In 1986, two years after the massive failure that was his adaptation of David Herbert's Dune, filmmaker David Lynch rebounded by releasing what is arguably his greatest film, Blue Velvet. Taking place in the fictional town of Lumberton, USA, Blue Velvet is a noir about a young man named Jeffrey Beaumont who discovers a severed ear in a field. This discovery leads to him crossing paths with the dark, violent underworld of this seemingly idylic town.
Lynch was contractually obligated to create a film that ran two hours long. The theatrical version fulfilled that - in fact, it is only a few frames under two hours. However, Lynch shot four hours of footage that contained many subplots and characters. Among them were Jeffrey's college girlfriend, additional scenes with Sandy's boyfriend Mike, and an explanation as to how the ear ended up in the field.
For many years, these scenes were thought to be missing forever. Lynch had tried to locate them, but the production company had gone bankrupt and no one knew where the footage had been stored. The 2002 special edition DVD included reproductions of the deleted scenes using stills and photographs that had been previously published in a variety of film magazines. This was thought to be as close as fans of the film would ever get to the scenes.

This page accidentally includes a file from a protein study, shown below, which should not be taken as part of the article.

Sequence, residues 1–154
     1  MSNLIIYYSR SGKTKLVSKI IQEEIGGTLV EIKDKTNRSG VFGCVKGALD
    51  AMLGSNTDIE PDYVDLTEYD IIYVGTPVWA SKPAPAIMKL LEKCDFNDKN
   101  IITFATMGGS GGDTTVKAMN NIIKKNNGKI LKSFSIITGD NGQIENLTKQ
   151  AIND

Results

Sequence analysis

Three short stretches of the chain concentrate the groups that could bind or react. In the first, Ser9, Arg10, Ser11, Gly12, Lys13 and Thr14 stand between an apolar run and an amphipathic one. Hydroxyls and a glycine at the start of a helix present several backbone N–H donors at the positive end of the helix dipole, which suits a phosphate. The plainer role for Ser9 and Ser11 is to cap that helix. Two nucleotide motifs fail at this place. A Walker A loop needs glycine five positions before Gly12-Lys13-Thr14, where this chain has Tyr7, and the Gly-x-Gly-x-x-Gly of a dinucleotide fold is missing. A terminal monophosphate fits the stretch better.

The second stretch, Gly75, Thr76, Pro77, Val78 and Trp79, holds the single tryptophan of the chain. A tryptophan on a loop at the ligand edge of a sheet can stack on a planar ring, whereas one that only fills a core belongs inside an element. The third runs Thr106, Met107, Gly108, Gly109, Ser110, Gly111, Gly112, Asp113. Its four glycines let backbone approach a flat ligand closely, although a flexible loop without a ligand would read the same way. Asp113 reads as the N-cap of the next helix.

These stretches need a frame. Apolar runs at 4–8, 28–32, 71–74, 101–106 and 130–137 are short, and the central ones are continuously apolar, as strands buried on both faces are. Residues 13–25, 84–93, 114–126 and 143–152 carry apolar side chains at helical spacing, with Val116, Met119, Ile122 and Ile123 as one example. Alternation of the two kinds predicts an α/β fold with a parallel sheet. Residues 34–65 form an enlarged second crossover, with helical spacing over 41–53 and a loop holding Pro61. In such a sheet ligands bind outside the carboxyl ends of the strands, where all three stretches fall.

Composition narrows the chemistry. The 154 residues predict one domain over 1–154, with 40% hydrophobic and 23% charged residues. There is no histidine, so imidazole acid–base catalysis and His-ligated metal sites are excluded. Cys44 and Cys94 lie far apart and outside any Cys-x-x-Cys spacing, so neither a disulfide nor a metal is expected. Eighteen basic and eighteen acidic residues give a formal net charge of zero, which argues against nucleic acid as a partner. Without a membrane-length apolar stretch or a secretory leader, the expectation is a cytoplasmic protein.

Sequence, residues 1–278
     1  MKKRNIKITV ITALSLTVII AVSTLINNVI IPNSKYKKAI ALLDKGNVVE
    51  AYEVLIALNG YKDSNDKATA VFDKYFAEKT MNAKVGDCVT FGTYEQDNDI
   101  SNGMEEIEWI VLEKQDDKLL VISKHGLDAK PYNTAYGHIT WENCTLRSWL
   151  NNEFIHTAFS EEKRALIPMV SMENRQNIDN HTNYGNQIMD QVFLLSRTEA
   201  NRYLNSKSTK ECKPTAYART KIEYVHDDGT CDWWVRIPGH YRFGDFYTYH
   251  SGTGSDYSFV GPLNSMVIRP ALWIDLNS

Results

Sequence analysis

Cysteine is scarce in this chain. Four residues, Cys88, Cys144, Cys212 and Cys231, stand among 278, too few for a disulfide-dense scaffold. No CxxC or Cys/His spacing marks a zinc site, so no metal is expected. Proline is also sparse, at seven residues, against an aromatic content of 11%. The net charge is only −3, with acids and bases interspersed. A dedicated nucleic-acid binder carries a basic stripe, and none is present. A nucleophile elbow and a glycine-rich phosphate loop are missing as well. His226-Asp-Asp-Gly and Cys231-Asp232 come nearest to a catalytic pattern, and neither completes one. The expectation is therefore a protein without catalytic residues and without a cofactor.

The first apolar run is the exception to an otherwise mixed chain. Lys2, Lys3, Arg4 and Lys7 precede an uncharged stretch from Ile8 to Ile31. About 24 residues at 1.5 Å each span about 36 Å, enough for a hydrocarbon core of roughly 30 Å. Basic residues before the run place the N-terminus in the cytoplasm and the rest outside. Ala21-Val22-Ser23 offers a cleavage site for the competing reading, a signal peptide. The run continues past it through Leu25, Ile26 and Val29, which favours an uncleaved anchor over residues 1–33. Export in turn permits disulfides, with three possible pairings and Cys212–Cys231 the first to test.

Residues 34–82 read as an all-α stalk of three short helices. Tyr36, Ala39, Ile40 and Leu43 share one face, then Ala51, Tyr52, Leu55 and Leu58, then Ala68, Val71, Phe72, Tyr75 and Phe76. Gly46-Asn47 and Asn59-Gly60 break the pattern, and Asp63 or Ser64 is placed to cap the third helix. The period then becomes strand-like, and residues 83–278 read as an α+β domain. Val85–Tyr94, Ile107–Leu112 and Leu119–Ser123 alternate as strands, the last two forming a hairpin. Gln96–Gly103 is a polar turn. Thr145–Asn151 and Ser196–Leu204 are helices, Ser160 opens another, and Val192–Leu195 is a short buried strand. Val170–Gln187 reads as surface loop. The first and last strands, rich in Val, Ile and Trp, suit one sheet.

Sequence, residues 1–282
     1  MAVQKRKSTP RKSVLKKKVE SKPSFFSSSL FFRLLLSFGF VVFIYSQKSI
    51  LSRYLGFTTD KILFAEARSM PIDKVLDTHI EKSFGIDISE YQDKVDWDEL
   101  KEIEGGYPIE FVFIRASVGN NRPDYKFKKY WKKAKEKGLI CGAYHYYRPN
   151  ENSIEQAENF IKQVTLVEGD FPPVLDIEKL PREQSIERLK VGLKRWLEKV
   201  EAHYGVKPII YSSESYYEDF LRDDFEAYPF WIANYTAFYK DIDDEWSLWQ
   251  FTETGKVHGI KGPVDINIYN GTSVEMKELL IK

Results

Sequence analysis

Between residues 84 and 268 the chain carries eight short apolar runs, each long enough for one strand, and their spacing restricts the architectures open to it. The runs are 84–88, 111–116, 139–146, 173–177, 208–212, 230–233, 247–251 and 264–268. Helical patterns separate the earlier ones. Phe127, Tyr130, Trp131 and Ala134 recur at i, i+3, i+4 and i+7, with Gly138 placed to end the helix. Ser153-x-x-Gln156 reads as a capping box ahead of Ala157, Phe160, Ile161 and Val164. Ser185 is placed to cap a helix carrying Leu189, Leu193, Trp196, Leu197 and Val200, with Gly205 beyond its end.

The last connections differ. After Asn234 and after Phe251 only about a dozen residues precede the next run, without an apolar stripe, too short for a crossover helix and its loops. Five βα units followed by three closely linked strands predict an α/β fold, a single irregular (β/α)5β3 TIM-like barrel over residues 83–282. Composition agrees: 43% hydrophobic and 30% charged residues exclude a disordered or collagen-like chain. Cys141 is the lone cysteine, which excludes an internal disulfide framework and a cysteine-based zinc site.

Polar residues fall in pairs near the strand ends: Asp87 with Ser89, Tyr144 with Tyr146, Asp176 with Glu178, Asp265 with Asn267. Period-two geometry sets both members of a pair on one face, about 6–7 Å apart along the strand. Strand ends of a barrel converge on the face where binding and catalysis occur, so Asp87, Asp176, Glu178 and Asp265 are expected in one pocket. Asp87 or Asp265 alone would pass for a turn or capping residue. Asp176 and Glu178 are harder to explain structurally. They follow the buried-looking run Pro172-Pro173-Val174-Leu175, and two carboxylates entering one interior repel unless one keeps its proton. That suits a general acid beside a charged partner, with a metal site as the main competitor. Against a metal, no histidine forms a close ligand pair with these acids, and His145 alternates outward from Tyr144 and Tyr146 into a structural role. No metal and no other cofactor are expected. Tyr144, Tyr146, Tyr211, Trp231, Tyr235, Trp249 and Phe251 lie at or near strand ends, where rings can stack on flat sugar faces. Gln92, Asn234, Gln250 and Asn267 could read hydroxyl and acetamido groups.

Before the Blu-Ray was released in 2011, Lynch revealed that the missing scenes had been found "somewhere in Seattle" and would be included in the new release. 
The scenes were released as a 52-minute mini-movie that includes production credits. Various websites have broken down the content of the scenes. 
Certain scenes have ended up on YouTube, but every time the complete 52-minute compilation gets uploaded it gets deleted. However, the Blu-Ray is still in print and easily accessible to those who would like to see the lost scenes.
Upon its release, the Blu-Ray was widely praised with many pointing to the deleted scenes as a highlight.